Senator Tells Lawmakers She's Getting An Abortion To Highlight Reality Of Restrictive Laws

“I’m the perfect example of why this decision should be between patients and providers.”

On Monday, Arizona Sen. Eva Burch, currently serving her first term representing Arizona’s 9th district, took to the floor in support of abortion access in the state, and chose to make her point in a deeply personal speech. The senator shared that she is currently pregnant, but will be terminating her pregnancy.

“I don’t know how many of you know this but a few weeks ago I learned that, against all odds, I am pregnant,” she told her colleagues. “I wish I could tell you otherwise, but after numerous ultrasounds and blood draws we have determined that my pregnancy is once again not progressing and is not viable, and once again I have scheduled an appointment to terminate my pregnancy.”

She continued, “I don’t think people should have to justify their abortions but I’m choosing to talk about why I made this decision because I want us to be able to have meaningful conversations about the reality of how the work that we do in this body impacts people in the real world.”

Burch explained that she had struggled with fertility issues throughout her adult life. She had her first miscarriage 13 years ago and had been pregnant multiple times since. Only two went to term, and she is the mother of two sons. In 2022, a planned, very much wanted pregnancy was determined to be non-viable, and Burch opted for an abortion, just weeks before the reversal of Roe v. Wade temporary halted the procedure in the state. She then went on to explain what’s been different about this second abortion experience.

“My medical provider was forced to tell me multiple things that don’t apply to my situation, and some that are just transparently factually false,” she said, “and they do this because of laws passed by this legislature in opposition to medical expert testimony and advice. From where I sat, the only reason I had to hear those things was in a cruel and really uninformed attempt by outside forces to shame and coerce and frighten me into making a different decision other than the one that I knew was right for me. ... I’m the perfect example of why this decision should be between patients and providers.”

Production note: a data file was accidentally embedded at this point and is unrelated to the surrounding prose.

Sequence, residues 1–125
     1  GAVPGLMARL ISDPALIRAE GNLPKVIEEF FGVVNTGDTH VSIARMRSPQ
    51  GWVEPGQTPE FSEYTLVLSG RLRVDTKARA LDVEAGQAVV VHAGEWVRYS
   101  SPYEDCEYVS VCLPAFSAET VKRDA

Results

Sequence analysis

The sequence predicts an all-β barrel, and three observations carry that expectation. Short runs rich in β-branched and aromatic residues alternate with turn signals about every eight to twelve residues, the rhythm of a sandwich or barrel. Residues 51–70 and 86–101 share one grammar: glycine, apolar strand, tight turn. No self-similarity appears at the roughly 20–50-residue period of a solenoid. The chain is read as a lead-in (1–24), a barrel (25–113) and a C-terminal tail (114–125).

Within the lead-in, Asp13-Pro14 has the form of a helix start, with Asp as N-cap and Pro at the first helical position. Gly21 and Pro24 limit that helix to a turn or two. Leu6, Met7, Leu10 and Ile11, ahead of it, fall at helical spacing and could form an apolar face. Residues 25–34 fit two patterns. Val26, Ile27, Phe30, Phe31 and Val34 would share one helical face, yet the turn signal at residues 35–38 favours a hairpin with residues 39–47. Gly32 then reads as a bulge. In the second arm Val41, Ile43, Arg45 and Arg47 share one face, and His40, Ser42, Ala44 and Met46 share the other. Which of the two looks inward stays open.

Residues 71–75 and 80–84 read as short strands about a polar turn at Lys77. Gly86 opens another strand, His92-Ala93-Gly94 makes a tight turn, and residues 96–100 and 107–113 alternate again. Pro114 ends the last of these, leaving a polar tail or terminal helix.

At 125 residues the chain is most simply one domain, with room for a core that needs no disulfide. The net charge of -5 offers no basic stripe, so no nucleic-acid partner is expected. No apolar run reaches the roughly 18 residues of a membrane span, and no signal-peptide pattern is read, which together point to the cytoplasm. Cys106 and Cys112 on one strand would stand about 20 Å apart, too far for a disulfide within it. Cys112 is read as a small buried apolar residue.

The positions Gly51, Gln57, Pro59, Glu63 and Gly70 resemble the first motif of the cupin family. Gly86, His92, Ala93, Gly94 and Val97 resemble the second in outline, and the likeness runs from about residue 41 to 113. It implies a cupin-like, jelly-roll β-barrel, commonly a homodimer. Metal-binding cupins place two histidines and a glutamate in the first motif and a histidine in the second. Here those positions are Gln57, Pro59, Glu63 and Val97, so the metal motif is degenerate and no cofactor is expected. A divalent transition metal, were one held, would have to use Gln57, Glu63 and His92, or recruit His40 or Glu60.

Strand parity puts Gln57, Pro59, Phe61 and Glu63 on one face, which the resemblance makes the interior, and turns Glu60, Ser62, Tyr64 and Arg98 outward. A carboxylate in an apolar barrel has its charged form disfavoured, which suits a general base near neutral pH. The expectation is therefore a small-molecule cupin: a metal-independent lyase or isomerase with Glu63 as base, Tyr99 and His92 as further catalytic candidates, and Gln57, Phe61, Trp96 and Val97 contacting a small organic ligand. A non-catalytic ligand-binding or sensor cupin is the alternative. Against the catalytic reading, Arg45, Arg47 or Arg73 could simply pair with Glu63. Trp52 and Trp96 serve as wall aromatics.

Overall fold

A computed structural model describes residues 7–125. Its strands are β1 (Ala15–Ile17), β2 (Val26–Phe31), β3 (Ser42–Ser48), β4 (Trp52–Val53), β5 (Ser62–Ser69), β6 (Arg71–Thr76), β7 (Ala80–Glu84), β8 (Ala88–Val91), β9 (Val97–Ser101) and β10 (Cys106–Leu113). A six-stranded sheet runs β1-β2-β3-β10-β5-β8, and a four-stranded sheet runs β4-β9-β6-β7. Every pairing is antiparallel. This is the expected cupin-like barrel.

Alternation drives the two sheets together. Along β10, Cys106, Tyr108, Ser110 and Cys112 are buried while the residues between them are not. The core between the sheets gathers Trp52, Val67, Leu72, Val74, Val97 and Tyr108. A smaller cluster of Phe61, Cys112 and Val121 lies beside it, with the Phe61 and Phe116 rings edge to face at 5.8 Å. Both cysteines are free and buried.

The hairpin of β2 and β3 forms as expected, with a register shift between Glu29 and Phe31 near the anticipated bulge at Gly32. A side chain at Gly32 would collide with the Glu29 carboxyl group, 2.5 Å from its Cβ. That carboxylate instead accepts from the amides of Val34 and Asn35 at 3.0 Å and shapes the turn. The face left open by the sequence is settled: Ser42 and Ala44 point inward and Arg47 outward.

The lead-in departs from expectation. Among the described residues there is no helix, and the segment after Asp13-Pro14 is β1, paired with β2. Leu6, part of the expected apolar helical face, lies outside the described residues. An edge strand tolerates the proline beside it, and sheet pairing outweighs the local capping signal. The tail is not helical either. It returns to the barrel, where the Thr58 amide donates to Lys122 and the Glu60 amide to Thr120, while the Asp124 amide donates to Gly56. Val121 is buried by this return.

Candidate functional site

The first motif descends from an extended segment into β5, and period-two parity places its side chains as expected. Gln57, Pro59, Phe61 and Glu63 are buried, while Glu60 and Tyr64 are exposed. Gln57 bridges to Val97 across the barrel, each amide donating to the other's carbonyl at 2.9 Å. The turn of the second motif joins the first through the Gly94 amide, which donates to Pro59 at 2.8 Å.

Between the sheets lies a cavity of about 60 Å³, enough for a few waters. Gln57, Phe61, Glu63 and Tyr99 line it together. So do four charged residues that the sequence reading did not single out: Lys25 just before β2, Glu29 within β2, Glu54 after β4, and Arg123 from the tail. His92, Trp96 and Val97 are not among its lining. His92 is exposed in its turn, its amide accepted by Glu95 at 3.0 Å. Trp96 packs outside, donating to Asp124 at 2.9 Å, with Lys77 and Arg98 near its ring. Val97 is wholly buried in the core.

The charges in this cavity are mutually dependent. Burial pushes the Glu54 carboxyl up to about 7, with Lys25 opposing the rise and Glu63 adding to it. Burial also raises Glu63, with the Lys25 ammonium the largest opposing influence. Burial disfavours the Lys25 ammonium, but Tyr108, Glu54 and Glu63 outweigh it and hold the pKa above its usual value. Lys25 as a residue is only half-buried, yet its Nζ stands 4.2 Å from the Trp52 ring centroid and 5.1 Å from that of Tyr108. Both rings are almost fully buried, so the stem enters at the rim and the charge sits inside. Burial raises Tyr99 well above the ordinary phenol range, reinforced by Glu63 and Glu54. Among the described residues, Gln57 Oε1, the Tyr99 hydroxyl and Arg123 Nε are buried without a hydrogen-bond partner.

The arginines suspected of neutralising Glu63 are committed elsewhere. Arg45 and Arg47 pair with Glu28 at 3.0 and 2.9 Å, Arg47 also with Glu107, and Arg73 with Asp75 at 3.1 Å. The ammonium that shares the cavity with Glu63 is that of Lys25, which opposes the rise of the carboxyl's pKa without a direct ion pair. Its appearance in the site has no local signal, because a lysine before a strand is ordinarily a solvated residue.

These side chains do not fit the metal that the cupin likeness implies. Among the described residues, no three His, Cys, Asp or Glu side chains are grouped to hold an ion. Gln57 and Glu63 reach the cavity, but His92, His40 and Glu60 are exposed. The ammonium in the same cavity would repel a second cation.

The Guttmacher Institute, a leading research and policy organization seeking to advance sexual and reproductive health rights in the U.S., ranks Arizona’s abortion laws as “very restrictive.” Abortion is banned after 15 weeks and requires patients to make two trips to obtain the procedure, one for in-person counseling and another at least 24 hours later for the abortion. Patients also require an ultrasound, regardless of medical necessity. In Burch’s case, she noted this was a transvaginal ultrasound, which many patients find invasive, uncomfortable, or even traumatizing.

Currently, the Arizona Supreme Court is considering a law from 1864, which has remained on the books but unenforced, that would impose a near total ban on abortions. The sole exception would be to save the life of the mother. In response, lawmakers and activists in support of reproductive rights are urging Arizona to enshrine a right to abortion up to the point of fetal viability (around 24 weeks gestation), with allowances after that for the physical or mental health of the mother, into the state constitution. If the cause can garner 384,000 signatures from registered voters by July, the question will be put on the 2024 ballot, making Arizona the first state in the nation to put this question directly to voters.

Burch told the Associated Press that since her speech, she has received an outpouring of sympathy, support, and questions. She said she hopes that by sharing her experience, she can help normalize conversation around the issue of abortion and what lawmakers often overlook when drafting legislation that inhibits access to the procedure.

“What’s happening to me is extremely common,” Burch told the Associated Press in an interview after her speech. “Pregnancy failure is common and that there are any number of reasons, of scenarios, of situations that someone might find themselves in where abortion is the right decision for them.”